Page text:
Amina: I have the heart to help people!

Globally, non-communicable diseases (NCDs) like asthma, diabetes, heart disease and cancer are responsible for an estimated 40 million deaths every year. They take a particularly heavy toll on low- and middle-income countries, where more than 80% of all deaths from NCDs occur. Yet the fight against NCDs receives comparatively little attention, and is consistently under-funded. But if we are to achieve Universal Health Coverage, the global health community must step up its efforts to combat NCDs.
 
Amina Awadh is a Community Health Volunteer (CHV) in Kilifi County, Kenya, where NCDs including asthma and diabetes have a high prevalence. She was trained on asthma and diabetes via Leap, the mobile learning platform Amref developed in partnership with Accenture. As a CHV, she makes sure that community members know what services are available, and how to access them. She also knows how to recognise the signs and symptoms of asthma and diabetes, meaning that she can refer people she suspects might be affected to the appropriate health facilities. Thanks to her training, she can also offer them advice and support as they manage their conditions, helping them make changes to their lifestyles and environments.
 
 
 
"I loved doing the mobile learning. I was the top performer maybe six or seven times - can you imagine? Some of the other CHVs are a lot younger than me. But you know what? I beat them almost every time! Why? Because I’m interested! Every time when the results came and I saw I was on top, I was very happy.
We were learning continuously. We did diabetes, and then we finished with asthma. I was very interested. At night when I was finished my work, I went on my phone and learnt. When we finished the course, I said, What are we going to do? I would like to do more training. I’d like to learn anything concerning helping people, you know? I was enjoying, that’s why I was the top performer every time, I’m telling you.
 
"I’ve always had the heart to help people. When I was in school, I was a Girl Guide, I was in the YWCA. We were going to the hospitals, talking to people. I would have liked to continue my education and maybe become a doctor, but my family could not afford to send me. But what I have, I feel like I can do to help. So I didn’t go training as a doctor but I have knowledge, I rely on myself.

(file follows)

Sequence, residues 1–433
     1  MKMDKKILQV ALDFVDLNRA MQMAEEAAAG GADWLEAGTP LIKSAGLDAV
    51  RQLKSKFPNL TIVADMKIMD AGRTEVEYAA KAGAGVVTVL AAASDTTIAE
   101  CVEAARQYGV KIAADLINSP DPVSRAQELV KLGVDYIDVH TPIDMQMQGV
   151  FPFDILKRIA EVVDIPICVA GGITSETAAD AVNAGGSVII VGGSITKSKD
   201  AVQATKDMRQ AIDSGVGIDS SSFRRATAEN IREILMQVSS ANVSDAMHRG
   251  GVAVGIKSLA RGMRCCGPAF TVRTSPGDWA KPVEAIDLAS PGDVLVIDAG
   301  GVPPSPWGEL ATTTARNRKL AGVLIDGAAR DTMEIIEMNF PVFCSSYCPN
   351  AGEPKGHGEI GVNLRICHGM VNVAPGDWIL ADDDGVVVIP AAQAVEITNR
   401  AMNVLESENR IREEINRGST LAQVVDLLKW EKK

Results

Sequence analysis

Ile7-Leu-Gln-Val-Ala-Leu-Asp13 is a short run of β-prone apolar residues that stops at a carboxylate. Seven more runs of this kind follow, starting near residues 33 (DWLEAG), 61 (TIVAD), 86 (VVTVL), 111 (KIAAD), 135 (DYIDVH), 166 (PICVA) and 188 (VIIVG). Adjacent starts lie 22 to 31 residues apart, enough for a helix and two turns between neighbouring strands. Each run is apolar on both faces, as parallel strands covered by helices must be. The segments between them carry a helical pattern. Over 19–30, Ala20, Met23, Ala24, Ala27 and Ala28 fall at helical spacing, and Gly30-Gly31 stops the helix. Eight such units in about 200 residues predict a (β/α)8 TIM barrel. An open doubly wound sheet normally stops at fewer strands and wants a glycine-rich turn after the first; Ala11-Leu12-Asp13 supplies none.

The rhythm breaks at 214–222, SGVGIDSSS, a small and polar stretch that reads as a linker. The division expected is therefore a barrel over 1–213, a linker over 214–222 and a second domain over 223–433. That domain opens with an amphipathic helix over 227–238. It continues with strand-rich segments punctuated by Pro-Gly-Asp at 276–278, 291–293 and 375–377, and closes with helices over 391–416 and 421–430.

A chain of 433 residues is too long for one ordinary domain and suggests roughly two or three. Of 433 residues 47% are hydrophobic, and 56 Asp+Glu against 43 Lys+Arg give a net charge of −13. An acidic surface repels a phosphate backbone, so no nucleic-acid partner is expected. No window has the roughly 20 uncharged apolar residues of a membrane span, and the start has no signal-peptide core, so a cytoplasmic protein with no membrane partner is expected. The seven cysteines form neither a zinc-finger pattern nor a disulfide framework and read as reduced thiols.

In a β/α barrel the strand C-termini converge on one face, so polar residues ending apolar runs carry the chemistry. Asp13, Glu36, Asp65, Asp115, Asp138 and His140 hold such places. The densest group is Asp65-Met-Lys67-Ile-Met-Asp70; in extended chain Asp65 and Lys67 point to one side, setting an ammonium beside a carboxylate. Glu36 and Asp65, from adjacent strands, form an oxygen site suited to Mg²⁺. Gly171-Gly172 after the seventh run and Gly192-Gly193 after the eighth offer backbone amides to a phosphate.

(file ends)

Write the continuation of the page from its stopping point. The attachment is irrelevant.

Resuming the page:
"I started working as a CHV four years ago, when I came back to Kenya after living in England, where I worked as a counsellor, and then in nursing homes, taking care of the old ladies. I had a good time, but I came back to look after my son. I was very sad because I’m jobless here. That’s why instead of staying idle I decided to volunteer, you know? I do it to help people also, because when I was in England I was helping people. I was getting money, yes - this was my job. But you know, if you have the heart of helping people you feel: Why should I sit? I can help that man, I can help that lady. Why should I just sit and watch her suffer?"
 
A mobile phone showing eLearning content on diabetes
 
"I’m responsible for 26 households. In this household [where the interview took place], they are about 14 people. We have some households where they are only two to three, but a lot of households - like my own - might have eight to twelve people. So it’s a lot of people to take care of!
 
"When I started, I didn’t know the households - but I knew how to approach them. I’m good with people and I understand how they work. First you say hi, in a good way. So that even if somebody’s gloomy, their face will open and you start talking to him. To me it doesn’t take long to build a relationship of trust with my households. Because I believe in myself. If you know how to handle people, you won’t have a hard time. But if you are difficult, they’ll be difficult with you! 
 
"Most people are quite cooperative, and open to talking about making changes to their lives. But the difficult people, they take time. Like sometimes I come and try to talk to people, but they are not open to it on that day. They say, 'Sisi no, we don’t want to hear that. Sisi you are not a doctor. How do you know that?' And I say, 'I see you’re busy. Let me come back another time.' You don’t argue with them. You just say you’ll come again. You greet them and you say, 'Let me talk to you. We have families, and these are our children. Let’s sit down together and see how we can make things better for our children: we don’t want them to become sick; then it’s a burden for us, and we are poor. And if you get sick, how will you look after your children?' It’s a process, and it takes patience. But you don’t get tired. Slowly, slowly, slowly, we get there. But I truly believe it’s working. The messages are getting through." 
 
All photos (c) Corrie Wingate for Amref Health Africa UK